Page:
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Title: Corpus and sentiment analysis
Author: Cheng, Tai Wai David
ISNI:       0000 0001 3542 4354
Awarding Body: University of Surrey
Current Institution: University of Surrey
Date of Award: 2007
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Information extraction/retrieval has been of interest to researchers since the early 1960's. A series of conferences and competitions have been held by DARPA/NIST since the late 1980's has resulted in the analysis of news reports and government reports in English and other languages, notably Chinese and Arabic. A number of methods have been developed for analysing `free' natural language texts. Furthermore, a number of systems for understanding messages have been developed, focusing on the area of named entity extraction, templates for dealing with certain kinds of news. The templates were handcrafted, and a lot of ad-hoc knowledge went into the creation of such systems. Seven of these systems have been reviewed. Despite the fact that IE systems built for different tasks often differ from each other, the core elements are shared by nearly every extraction system. Some of these core elements such as parser and part of speech (POS) tagger, are tuned for optimal performance for a specific domain, or text with pre-defined structures. The extensive use of gazetteers and manually crafted grammar rules further limits the portability of the existing IE systems to work language and domain independently. The goal of this thesis is to develop an algorithm that can be used to extract information from free texts, in our case, from financial news text; and from arbitrary domains unambiguously. We believe the use of corpus linguistics and statistical techniques would be more appropriate and efficient for this task, instead of using other approaches that rely on machine learning, POS taggers, parsers, and so on, which are tuned to work for a predefined domain. Based on this belief, a framework using corpus linguistics and statistical techniques, to extract information as unambiguously as possible from arbitrary domains was developed. A contrastive evaluation has been carried out not only in the domain of financial texts and movie reviews, but also with multi-lingual texts (Chinese and English). The results are encouraging. Our preliminarily evaluation, based on the correlation between a time series of positive (negative) sentiment word (phrase) counts with a time series of indices produced by stock exchanges (Financial Times Stock Exchange, Dow Jones Industrial Average, Nasdaq, S&P 500, Hang Seng Index, Shanghai Index, and Shenzhen Index) showed that when the positive (negative) sentiment series correlates with the stock exchange index, the negative (positive) shows a smaller degree of correlation and in many cases a degree of anti-correlation. Any interpretation of our result requires a careful econometrically well grounded analysis of the financial time series - this is beyond the scope of this work.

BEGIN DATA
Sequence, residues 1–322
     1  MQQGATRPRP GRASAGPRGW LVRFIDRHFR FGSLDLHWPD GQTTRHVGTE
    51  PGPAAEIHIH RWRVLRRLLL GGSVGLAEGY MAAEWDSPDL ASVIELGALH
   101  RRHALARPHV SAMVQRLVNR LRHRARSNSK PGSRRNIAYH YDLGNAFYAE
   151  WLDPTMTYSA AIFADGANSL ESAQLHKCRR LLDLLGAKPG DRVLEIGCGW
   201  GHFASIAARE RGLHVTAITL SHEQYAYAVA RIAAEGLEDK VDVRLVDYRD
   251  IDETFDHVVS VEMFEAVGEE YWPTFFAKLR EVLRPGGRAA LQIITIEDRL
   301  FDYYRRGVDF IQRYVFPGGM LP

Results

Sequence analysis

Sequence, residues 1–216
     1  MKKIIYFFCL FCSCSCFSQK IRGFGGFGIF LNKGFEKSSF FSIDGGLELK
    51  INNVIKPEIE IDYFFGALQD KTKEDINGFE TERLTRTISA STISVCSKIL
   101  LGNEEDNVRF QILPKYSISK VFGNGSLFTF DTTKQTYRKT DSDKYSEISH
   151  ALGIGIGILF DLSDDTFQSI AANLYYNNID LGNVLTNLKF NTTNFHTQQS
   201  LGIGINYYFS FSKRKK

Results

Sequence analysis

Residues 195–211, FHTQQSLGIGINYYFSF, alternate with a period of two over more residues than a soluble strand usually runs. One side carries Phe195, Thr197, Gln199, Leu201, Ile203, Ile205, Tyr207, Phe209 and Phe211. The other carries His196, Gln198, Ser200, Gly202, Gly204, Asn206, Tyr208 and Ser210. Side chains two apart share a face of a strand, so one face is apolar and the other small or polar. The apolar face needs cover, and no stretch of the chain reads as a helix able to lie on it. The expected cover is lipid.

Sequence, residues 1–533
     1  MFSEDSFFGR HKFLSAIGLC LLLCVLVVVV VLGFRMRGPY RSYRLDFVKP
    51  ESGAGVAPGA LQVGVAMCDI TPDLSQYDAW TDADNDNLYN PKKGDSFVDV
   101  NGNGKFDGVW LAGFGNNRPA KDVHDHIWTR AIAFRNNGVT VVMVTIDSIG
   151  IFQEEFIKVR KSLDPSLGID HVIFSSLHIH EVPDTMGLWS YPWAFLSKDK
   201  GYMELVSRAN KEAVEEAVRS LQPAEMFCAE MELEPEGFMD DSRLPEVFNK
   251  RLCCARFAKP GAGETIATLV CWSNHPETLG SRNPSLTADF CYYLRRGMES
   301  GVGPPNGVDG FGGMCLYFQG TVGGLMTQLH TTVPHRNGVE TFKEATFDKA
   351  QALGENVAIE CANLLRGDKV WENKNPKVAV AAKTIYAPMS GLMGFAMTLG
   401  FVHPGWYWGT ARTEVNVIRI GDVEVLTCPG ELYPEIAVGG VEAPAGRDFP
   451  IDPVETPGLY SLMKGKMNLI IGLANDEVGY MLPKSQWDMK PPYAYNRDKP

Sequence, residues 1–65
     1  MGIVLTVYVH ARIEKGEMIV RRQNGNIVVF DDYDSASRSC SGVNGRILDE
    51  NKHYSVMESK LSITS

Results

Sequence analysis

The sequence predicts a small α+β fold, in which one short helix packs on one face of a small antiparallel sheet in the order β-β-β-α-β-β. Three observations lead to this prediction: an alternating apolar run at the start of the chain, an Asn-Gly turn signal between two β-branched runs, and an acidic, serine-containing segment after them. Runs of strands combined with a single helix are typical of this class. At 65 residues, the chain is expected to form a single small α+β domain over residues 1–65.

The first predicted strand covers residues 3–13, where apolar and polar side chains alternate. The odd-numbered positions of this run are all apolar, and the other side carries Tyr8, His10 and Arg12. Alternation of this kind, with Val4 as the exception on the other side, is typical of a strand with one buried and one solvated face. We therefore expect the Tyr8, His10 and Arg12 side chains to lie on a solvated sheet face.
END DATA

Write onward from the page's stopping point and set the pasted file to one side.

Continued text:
Supervisor: Not available Sponsor: Not available
Qualification Name: Thesis (Ph.D.) Qualification Level: Doctoral
EThOS ID:  DOI: Not available